For the installation instructions, please see the site of Julian – they’re pretty detailed and tell you everything you need to know.

As for mapping the output of the driver to something games understand, you’ll need yet another tool: x360ce. This translates whatever output you get from a driver, and makes the game/program in question think there’s an Xbox360 controller attached. For details on how x360ce works, check the github site.

x360ce

x360ce main controller mapping screen

One final remark: to make things properly work, make sure you uncheck “Passthrough” in the advanced tab, otherwise it just doesn’t work. And copy the files of x360ce in the game’s binary directory, so that all the necessary libraries will be found.

My history in gadgets – update 2014

An update on the “My history in gadgets” post from a while back, as things have progressed a bit meanwhile ;)

Mobile phone history:

I’ve since sold my Desire, and obtained/sold the following phones:

HTC Desire HD
HTC Desire HD

Bought this phone secondhand, used it for a while. Quite the powerhorse for the specs, the only downside being it’s weight. Was also temporarily used by my girlfriend. Sold it on in 2013.

HTC Desire S
HTC Desire S

Purchased this one also secondhand for my girlfriend. After a while it returned to me and is currently in use as my work phone.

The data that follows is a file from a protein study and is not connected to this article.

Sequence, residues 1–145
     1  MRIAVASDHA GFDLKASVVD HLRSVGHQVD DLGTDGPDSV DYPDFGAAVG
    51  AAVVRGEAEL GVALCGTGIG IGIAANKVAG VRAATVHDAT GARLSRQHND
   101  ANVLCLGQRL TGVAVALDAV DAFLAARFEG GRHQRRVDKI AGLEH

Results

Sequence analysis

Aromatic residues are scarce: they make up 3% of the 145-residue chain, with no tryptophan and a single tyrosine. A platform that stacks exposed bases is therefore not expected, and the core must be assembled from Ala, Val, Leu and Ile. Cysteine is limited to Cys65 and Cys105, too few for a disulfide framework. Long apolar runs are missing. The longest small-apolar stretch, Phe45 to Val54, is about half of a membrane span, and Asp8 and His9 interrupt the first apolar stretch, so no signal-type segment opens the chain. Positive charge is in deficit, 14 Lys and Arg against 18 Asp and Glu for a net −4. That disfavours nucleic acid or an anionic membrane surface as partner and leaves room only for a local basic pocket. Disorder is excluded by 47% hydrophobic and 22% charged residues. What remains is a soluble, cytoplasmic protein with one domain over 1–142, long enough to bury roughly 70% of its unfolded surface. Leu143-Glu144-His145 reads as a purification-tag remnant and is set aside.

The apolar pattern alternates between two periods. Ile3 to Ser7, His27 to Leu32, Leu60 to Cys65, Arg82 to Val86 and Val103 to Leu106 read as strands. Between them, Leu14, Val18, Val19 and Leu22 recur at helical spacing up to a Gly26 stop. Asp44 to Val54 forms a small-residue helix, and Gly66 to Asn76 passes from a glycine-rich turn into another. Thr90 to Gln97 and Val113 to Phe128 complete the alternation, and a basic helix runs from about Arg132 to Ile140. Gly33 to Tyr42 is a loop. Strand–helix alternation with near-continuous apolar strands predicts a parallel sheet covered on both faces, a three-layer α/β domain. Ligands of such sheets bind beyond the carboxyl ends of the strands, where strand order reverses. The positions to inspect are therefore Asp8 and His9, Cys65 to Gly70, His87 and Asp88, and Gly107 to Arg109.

HTC One X
HTC One X

After selling the Desire HD, I got the HTC One X secondhand in 2012. This one features a quadcore Tegra3, and it’s just amazing in speed and display specs. Sold it on in 2014.

LG Nexus 5
LG Nexus 5

This is my current main phone.

LG Nexus 5

I’ve always been a fan of the “stock Google” look of android, also often referred to as AOSP (Android Open Source Project) – a clean look, no bells and whistles added by the vendor of the device in question.
The ‘vendor’ looks usually change the look of the Android OS, add (unneeded?) applications, and add their own launcher. There are several vendor skins, like Samsung’s TouchWiz (pictures), HTC’s Sense (pictures), Motorola’s MOTOBLUR, and numerous others.

I just don’t like them.

Don’t get me wrong – they have their good things too. Usually better integration of all the vendor apps, and a higher degree of userfriendlyness.

Since my old HTC Hero, I’ve been replacing the look set by the vendor by a more stock Google Android look. So it makes only sense that my last phone should be a Google-commissioned Nexus device, namely the LG Nexus 5. In black, ofcourse ;)

So, replacing the HTC One X, here’s my new daily use phone:

LG Nexus 5

(and, before you ask, ofcourse it’s been rooted.)